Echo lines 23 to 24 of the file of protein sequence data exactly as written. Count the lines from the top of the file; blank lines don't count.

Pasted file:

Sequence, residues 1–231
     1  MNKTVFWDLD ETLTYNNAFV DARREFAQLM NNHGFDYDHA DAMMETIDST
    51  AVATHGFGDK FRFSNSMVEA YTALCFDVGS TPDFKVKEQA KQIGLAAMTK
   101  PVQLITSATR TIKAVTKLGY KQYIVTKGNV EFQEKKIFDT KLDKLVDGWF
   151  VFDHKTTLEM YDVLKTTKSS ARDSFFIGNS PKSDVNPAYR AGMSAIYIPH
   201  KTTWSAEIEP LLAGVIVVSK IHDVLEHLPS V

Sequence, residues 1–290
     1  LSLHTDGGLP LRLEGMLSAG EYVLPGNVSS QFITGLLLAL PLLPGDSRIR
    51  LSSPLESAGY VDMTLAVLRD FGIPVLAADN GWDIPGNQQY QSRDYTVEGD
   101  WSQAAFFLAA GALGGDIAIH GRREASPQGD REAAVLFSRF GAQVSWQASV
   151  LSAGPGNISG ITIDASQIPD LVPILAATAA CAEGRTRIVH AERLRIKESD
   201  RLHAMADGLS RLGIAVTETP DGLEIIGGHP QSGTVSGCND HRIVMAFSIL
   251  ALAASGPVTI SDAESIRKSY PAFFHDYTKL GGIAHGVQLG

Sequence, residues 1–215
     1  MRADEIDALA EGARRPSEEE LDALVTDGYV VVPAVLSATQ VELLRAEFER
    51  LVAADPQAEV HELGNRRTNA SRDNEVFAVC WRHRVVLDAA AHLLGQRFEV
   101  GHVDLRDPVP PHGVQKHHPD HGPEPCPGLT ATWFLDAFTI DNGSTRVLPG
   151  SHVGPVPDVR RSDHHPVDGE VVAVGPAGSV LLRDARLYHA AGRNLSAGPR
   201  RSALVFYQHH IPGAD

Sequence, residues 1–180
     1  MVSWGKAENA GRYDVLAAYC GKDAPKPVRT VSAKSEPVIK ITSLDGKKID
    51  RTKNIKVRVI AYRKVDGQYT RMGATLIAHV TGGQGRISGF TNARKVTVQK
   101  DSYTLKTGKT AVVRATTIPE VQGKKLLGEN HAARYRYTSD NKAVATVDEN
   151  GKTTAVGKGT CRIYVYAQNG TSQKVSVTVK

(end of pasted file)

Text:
   101  DSYTLKTGKT AVVRATTIPE VQGKKLLGEN HAARYRYTSD NKAVATVDEN
   151  GKTTAVGKGT CRIYVYAQNG TSQKVSVTVK